THIS STORY HAS BEEN FORMATTED FOR EASY PRINTING
< Back to front page Text size +

Braintree schools ponder $4.2 million modular classrooms plan

Posted by Jessica Bartlett  January 15, 2013 11:55 AM

E-mail this article

Invalid E-mail address
Invalid E-mail address

Sending your article

Braintree School officials have been debating for years how to accommodate a growing student body, but a $4.2 million solution may be at hand.

School Committee members will discuss the possibility of buying four modular classrooms for each of the town’s six elementary school buildings, which could accommodate up to 550 students in total.

The additional space is the equivalent of what would be added from opening a new school or reopening a closed one, and is more affordable, said Braintree Superintendent Peter Kurzberg.

“We think that it’s a conservative approach to not only our current space needs but also our projected space needs,” Kurzberg said in a phone interview.

Braintree has been toying with the idea of opening up one of their closed schools – such as Monatiquet, Eldridge, or Foster - for some time, and even submitted a statement of interest to the Massachusetts School Building authority a year ago to begin planning to deal with space needs.

Yet after a space study was completed for the town in May 2012, town officials discovered that their space problems might be more expensive than anticipated.

According to the study, conducted by Habeeb & Associates, opening one of the existing buildings back for school purposes could cost upwards of $65 million. Renovating existing schools and adding on substantially would cost an estimated $70 million.

Other options, such as adding for growth as necessary to existing schools, building a seventh elementary school, or opening four new schools over the next 10 years could cost anywhere from $67 million to $122 million.

A lease-to-buy option for modular spaces, to be done over a seven-year period, would most likely cost $612,000 annually, based on start-up costs, furniture, and added operating costs.

“The modular is actually similar to one of the recommendations that was in the study that had permanent additions, and so all this is doing is looking at the possibility of using prefabricated buildings as opposed to adding permanent additions at a significant savings to the town,” Kurzberg said.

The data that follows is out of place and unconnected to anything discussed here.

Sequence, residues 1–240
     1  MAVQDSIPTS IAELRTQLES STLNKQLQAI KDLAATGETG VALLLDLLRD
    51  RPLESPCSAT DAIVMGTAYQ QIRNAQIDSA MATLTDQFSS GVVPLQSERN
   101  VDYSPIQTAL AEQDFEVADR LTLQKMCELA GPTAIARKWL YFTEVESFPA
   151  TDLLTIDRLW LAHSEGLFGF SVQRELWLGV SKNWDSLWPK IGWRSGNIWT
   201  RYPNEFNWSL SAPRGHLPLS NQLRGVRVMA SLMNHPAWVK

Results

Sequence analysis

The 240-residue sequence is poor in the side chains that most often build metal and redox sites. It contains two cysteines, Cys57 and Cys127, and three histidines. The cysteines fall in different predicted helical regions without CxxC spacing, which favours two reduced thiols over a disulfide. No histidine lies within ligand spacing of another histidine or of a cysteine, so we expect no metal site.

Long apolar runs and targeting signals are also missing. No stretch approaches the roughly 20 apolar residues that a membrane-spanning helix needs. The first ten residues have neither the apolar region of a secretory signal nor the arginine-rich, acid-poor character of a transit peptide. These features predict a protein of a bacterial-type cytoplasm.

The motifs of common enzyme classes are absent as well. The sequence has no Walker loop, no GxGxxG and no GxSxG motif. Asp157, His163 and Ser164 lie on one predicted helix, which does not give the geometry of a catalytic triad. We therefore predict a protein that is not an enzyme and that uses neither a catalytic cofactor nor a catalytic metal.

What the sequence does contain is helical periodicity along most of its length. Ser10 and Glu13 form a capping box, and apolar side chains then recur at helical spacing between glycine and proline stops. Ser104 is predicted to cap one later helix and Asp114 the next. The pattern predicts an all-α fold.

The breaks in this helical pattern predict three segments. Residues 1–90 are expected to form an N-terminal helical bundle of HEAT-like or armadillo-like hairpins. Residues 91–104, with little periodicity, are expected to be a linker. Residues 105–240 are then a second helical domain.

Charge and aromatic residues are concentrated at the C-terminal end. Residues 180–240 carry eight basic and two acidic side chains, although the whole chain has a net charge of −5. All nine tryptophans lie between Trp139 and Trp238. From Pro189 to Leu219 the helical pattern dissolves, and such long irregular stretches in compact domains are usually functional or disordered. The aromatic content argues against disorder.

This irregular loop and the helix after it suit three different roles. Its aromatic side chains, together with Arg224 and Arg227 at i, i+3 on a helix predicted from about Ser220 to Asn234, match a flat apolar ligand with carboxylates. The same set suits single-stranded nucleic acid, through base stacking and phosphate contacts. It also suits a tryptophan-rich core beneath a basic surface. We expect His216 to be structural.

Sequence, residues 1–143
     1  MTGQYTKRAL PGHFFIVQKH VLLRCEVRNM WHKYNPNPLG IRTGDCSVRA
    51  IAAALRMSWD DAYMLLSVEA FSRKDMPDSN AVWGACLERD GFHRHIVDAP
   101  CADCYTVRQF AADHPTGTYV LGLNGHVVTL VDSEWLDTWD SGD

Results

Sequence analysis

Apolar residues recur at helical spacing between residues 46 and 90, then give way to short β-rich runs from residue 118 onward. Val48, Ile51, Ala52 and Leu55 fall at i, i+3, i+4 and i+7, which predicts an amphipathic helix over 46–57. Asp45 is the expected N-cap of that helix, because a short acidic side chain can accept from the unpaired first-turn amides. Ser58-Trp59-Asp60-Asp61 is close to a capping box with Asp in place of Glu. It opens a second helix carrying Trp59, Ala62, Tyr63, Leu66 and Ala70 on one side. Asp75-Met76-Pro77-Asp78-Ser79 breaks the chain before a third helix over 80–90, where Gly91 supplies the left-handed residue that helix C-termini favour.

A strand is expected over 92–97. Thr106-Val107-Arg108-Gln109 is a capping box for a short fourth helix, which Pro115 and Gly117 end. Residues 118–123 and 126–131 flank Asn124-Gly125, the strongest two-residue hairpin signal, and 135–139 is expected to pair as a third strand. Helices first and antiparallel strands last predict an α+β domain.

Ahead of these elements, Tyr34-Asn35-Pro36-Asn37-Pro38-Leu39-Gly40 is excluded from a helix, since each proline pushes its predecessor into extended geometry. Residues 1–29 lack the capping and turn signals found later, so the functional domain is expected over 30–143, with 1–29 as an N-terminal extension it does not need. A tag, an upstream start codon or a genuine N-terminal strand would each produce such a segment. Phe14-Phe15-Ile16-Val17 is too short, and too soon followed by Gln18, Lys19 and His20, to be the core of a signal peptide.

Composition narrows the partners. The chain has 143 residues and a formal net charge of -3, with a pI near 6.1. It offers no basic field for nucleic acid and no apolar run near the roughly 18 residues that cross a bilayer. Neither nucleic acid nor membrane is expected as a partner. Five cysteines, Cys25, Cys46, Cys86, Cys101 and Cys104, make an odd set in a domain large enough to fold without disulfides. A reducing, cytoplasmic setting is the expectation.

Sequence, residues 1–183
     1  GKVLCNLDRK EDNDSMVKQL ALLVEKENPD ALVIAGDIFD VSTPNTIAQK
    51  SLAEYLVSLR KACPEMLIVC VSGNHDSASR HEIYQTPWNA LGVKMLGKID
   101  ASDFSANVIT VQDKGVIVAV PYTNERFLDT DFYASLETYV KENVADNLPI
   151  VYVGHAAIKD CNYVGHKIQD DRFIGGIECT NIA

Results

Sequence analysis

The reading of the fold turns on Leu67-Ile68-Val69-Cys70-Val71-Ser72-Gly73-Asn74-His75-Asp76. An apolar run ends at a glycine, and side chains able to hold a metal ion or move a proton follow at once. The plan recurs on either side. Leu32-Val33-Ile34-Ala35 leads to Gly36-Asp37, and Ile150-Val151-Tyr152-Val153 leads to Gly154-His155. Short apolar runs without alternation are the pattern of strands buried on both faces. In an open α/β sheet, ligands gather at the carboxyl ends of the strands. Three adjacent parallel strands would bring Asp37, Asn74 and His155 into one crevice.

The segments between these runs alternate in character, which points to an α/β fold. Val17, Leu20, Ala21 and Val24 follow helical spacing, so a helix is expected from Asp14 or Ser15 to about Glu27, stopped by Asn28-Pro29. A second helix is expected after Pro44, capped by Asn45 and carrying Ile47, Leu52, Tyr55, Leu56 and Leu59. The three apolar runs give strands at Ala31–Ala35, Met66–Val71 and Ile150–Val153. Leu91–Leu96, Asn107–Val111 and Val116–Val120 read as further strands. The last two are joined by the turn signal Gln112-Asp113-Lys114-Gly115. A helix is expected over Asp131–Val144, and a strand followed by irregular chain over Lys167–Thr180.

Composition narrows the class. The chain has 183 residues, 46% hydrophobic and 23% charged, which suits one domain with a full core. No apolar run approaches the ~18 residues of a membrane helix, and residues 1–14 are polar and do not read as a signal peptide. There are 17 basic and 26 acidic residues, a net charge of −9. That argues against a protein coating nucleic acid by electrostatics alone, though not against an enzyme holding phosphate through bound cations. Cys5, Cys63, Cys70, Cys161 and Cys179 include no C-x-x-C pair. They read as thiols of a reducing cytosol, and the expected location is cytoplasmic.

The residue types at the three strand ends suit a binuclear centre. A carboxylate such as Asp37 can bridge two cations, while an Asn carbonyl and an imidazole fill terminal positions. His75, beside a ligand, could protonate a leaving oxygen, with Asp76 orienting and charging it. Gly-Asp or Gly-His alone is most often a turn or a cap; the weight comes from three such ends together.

Kurzberg noted that the project would still have to go out to bid, and that the prices are estimates.

The addition of modular classrooms would help alleviate space problems existing in all six of the elementary schools, Kurzberg said, saving up space for media centers and other rooms that have been sacrificed for classroom space.

“Our buildings right now are very tight, particular for our specialists, and so we would see being able to utilize some of that space to free up where they are currently located into more adequate space for their use as well,” Kurzberg said.

The savings would allow the town to look into renovations to the existing schools as well, possibly with help from the MSBA.

“One of the options in the space needs plan did not call for any upgrades of any of the other schools, but our plan would be to move in that direction,” Kurzberg said.

The town is already using modular classrooms to alleviate space problems, two at Highlands Elementary and two at South Middle School. Both were put in place in 2001.

Though modular classrooms are seen by some as temporary solutions to long-term problems, Kurzberg said that the lifetime for prefabricated spaces could be over 20 years.

“Temporary classrooms have really remained permanent in the schools and quite honestly, we don’t see removing them at this point,” Kurzberg said. “They went in as the nicest classrooms in the school. They are self-contained, they have heating and AC in them, nice lighting, so what we’ve been doing with our renovations is trying to bring our existing classrooms [up to that standard].”

The School Committee will discuss the issue again at Its Jan. 28 meeting. Kurzberg said there are still some people who will need convincing.

“I think that modular classrooms or modular buildings may have a negative connotation to them, but I think that they have come a long way in the industry, and I think once people see what a prefab facility can look like or classrooms can look like, that they would change their mind,” Kurzberg said.

E-mail this article

Invalid E-mail address
Invalid E-mail address

Sending your article